Behind Inspector Clouseau; the Funny, Often Elusive Peter Sellers and His wives.(BOOKS)
Byline: Eric Gibson, SPECIAL TO THE WASHINGTON TIMES
These days a reader approaches any celebrity biography with more than a little trepidation, having been burned by innumerable earlier through-the-keyhole scandal sheets masquerading as thoughtful studies of a life. You only have to know about Peter Sellers' multiple marriages to understand that he's a prime candidate for this sort of expose. Uh-oh, one thinks as one pulls the latest Sellers biography out of its envelope, another nonpareil comic talent about to be given the treatment.
Happily, Ed Sikov's "Mr. Strangelove: A Biography of Peter Sellers" is the exception that proves the rule. To be sure, there's plenty of material in his book to please the gossip columnists because Sellers' life abounded in such material. But thanks to diligent research and insightful analysis, Mr. Sikov does what biographers are supposed to do: He helps us understand the personality - and the formation of the personality - that produced such behavior.
He also comes probably as close as anyone can to explaining just what made Sellers funny. Mr. Sikov hasn't just written a celebrity biography. He's rehabilitated a literary form.
Sellers was born in 1925, the son of vaudeville entertainers. His childhood was dreadful: His mother, an overprotective, domineering stage mother, determined that Peter (he was named after an earlier, stillborn, son) would go into showbusiness as well. The family led an itinerant existence, moving repeatedly in search of commercial opportunity and, Mr. Sikov suggests, occasionally trying to stay one step ahead of the law.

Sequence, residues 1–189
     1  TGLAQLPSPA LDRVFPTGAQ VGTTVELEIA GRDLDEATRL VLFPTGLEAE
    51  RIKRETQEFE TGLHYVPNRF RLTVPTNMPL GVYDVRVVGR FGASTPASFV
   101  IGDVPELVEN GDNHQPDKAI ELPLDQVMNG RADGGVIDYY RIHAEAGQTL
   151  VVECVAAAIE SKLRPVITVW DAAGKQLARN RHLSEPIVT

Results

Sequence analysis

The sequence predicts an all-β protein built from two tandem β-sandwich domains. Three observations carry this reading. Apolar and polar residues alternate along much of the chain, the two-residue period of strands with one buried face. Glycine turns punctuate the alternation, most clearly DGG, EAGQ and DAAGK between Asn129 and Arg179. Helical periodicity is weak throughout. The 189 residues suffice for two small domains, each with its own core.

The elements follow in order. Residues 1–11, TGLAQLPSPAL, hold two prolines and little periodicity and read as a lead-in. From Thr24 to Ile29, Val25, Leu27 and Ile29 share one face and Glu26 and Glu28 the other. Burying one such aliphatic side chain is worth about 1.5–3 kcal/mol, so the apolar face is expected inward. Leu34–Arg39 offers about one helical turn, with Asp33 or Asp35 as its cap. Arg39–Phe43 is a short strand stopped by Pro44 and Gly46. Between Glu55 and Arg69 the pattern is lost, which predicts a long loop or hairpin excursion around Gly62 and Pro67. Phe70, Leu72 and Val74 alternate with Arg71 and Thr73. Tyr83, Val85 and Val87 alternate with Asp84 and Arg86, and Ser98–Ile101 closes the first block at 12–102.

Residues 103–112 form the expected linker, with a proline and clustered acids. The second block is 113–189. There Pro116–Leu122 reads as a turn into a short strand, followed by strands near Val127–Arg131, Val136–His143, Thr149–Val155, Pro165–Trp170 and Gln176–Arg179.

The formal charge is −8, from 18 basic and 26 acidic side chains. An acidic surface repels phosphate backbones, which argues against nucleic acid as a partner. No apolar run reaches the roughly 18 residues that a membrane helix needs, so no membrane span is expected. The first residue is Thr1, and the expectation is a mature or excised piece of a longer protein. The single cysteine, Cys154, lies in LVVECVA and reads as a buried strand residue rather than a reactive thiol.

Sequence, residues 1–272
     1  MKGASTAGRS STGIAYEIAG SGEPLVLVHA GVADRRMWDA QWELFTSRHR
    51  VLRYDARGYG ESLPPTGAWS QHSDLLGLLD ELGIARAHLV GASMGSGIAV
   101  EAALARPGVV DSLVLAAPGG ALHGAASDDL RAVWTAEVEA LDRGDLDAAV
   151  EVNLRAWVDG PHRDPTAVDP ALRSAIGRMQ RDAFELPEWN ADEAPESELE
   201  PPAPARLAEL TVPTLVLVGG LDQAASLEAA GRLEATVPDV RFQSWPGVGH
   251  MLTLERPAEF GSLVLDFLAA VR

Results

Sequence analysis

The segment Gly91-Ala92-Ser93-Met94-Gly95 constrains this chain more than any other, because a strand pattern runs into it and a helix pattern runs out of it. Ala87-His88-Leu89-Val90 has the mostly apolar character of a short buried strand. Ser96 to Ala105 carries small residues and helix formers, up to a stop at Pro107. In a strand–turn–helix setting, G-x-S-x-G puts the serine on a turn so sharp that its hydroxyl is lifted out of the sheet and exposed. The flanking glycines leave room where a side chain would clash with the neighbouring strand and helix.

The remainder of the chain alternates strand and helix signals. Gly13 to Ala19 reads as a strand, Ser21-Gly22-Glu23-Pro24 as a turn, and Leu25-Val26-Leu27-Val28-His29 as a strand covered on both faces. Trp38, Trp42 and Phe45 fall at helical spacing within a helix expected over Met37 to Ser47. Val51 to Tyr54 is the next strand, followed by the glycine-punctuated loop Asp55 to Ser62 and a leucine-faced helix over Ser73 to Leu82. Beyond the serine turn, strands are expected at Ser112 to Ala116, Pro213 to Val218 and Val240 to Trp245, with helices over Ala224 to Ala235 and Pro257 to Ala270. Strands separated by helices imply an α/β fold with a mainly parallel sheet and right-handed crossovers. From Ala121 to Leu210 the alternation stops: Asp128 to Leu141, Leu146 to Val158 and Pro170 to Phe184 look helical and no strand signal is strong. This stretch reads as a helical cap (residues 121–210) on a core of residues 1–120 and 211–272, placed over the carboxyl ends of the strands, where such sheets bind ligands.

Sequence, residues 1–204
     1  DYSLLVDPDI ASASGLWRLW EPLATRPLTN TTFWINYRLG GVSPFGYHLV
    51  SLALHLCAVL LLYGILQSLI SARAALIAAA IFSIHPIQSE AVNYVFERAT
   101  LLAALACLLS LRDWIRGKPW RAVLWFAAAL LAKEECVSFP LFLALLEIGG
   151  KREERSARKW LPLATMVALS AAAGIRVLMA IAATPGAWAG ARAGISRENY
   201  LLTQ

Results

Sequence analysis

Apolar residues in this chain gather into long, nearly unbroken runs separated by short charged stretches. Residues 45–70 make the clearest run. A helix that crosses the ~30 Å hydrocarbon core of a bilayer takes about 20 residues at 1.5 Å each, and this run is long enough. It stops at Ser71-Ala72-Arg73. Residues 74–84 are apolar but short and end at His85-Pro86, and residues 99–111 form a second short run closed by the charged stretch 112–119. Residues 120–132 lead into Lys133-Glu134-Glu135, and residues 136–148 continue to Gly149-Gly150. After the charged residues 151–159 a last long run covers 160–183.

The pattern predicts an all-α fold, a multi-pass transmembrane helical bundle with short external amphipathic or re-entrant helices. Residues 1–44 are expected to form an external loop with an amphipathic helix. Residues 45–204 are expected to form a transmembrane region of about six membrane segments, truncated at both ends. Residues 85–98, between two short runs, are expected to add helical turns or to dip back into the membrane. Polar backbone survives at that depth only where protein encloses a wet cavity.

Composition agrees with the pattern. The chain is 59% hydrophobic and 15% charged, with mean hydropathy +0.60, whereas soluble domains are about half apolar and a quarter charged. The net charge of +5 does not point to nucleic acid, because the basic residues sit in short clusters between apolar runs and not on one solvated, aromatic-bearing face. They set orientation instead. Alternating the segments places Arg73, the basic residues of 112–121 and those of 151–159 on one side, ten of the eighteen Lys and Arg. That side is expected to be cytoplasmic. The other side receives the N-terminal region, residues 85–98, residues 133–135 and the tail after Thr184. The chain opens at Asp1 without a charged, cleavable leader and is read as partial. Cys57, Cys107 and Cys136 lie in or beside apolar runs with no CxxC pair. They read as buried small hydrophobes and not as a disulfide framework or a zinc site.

An only child, Sellers spent much time alone. Like Steve Martin and Robin Williams, other such children who later became successful comedians, he sought refuge in the life of the imagination, in Sellers' case, by listening to the British Broadcasting Corporation.It was by whiling away the hours next to the radio that he discovered his twin avocations: mimicry, which was to be the root of his success as an actor, and improvisation. As radio and, later, movie audiences were to learn, Sellers was to evolve into a preternaturally gifted mimic. As fellow comedian Eric Sykes put it, "You'd be in a taxi with Peter, and he'd listen to the taxi driver talking. And when he would get out, he would be the taxi driver. But not only in words and voice. His whole metabolism would have changed."
After World War II, Sellers effectively forced his way into his beloved BBC. by phoning a producer and, mimicking a current star, told him to give Peter Sellers a job. The producer did. By the early 1950s, Sellers had hooked up with Spike Milligan and Harry Secombe and created "The Goons" an anarchic, absurdist radio show that perfectly captured the mood of postwar Britain and that, despite initial BBC misgivings (one executive asked "What is this 'Go On Show,' about anyway?") swept the country.
The program's first broadcasts attracted about 300,000 listeners, but by the end of its first 17-week season, was being heard by nearly two million people. "The Goons," which ran for nearly a decade and prefigured the later "Monty Python" series, became Sellers' ticket to stardom: Theatrical engagements and, most important, movies followed.
Yet, to put it mildly, there was a downside to Sellers' enormous comedic gifts. Sellers could "become" different people, but there was no Peter Sellers. Friends and colleagues quickly noticed that the actor himself was a cipher, a man with no personality of his own, an empty vessel into which were temporarily poured different human concoctions . (And it started early. Tellingly, Mr. Sikov notes that, "The most striking feature of Peter Sellers' schooldays is the fact that practically nobody remembered him. …